Drug addiction has been an issue that has affected millions upon millions of lives throughout the world. Today, approximately 40 million people in the United States from the age of 12 and older have a drug addiction. This means that 1 out of 7 people’s lives are being hindered by an addiction to alcohol or a drug. Heart conditions, diabetes, and even cancer have interfered with others lives less than drug and alcohol addiction has in the United States.
Types of Addictions
There are many different types of addictions. These range from nicotine to something more severe such as methamphetamine. Approximately 17 percent of drug addicts are addicted to more than one drug. Typically, the easier the drug is to obtain, the higher percent of addicts addicted to that drug as well. For example:
- 9% of addicts are addicted to nicotine
- 7% of addicts are addicted to alcohol
- 2% of addicts are addicted to an illegal drug
- 1% of addicts are addicted to controlled prescription drugs
What Makes Drug Addiction Difficult to Overcome?
How you feel pleasure, depression, and other such emotions and senses of feeling are controlled in the brain with many of them through chemicals that are released in the brain. Many of the most dangerous drugs are those that release abnormally high chemicals in the brain such as endrophins. These feelings are what many addicts chase. The harm done to the body in the process is dangerous enough. However, after used multiple times, the user will feel less of the drug taking effect on their body. This results in many drug addicts requiring more or a higher dose of the drug and sometimes leads to accidental overdoses. Drug addiction is considered a disease. It affects the mind, body, and lifestyle.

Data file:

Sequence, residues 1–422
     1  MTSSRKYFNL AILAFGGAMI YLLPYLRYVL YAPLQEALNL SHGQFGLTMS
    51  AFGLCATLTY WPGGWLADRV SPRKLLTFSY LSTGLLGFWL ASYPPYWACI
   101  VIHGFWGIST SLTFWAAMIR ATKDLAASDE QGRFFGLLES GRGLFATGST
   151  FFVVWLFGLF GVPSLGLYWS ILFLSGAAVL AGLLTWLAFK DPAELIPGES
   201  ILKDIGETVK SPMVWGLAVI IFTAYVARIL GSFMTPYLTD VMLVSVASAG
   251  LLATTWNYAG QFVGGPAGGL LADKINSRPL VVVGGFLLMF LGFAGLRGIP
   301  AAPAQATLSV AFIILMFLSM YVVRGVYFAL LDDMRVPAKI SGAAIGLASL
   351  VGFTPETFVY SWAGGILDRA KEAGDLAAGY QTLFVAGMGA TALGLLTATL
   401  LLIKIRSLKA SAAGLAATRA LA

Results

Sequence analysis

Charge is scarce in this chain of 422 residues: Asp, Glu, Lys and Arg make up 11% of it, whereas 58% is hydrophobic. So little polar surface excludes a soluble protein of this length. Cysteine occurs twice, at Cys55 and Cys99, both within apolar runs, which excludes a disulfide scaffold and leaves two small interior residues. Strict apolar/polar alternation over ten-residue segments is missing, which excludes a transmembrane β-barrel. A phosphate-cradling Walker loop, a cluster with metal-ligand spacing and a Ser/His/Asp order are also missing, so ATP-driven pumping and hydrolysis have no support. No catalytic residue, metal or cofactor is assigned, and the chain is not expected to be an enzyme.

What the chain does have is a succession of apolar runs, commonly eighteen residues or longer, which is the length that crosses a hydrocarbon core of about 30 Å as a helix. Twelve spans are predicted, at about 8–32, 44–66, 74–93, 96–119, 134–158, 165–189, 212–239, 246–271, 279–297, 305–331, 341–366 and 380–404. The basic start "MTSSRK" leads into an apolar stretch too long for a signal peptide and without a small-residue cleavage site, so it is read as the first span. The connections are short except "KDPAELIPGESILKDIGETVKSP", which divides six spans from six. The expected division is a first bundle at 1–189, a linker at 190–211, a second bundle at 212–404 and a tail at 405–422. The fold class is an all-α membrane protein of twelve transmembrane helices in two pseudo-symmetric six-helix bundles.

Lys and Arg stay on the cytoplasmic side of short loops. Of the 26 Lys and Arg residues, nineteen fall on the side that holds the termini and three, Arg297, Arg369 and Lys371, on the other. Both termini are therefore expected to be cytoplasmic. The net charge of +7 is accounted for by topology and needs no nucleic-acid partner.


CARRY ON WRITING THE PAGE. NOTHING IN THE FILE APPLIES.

Treatments and Recovery
Unfortunately, only 1 out of 10 drug or alcohol addicts will seek treatment for their problem. It is best that even if you suspect a loved one needs help, or fear that you may have an addiction, encourage seeking help or seek it for yourself. Many drug addicts believe that they can end their addiction on their own. Although there may be some cases where this is possible, it rarely works for most people. Even those who may be able to quit often find themselves relapsing shortly after.
You may have a drug addiction if any of the following apply to you:
- Taking higher doses than intended
- Extending use longer than intended
- Interfering with your relationship between family and friends
- Interfering with your work or career
- Causes you substantial financial loss to obtain the drug
- Has caused legal issues
For some people, outpatient treatment fits their life and situation best. However, this will depend on the severity of their addiction and whether or not it poses an immediate threat to their health or others. Most addicts, however, are better off with inpatient treatment. This may require staying at a facility to receive around-the-clock help with any addiction problem the patient may have. Another positive factor that many patients experience is that it is much easier to recover from addiction once they are no longer in the environment of those drugs and cannot obtain them as easily. Due to every case differing from another, a treatment plan should be planned out by a professional to increase chances of recovery and reduce the chances of relapsing later on.
Support and Relapse
Even with the best physicians and facilities, there are still chances of a relapse. Drug use has an effect on the family and friends of drug addicts as well. However, it is crucial that those in a recovering drug addict’s life remain supportive throughout treatment and during recovery as well. As many as 90 percent of drug addicts began using drugs before the age of 18. Due to the alarming amount of teenagers and even children who begin using drugs at such a young age, parents should consider all signs and symptoms to decide whether or not drug use is happening. Prevention is the best solution, but it cannot always be prevented. However, treating an addiction or abuse in the earlier stages has a much higher success rate than the long-term drug addicts when it comes to treatment and recovery.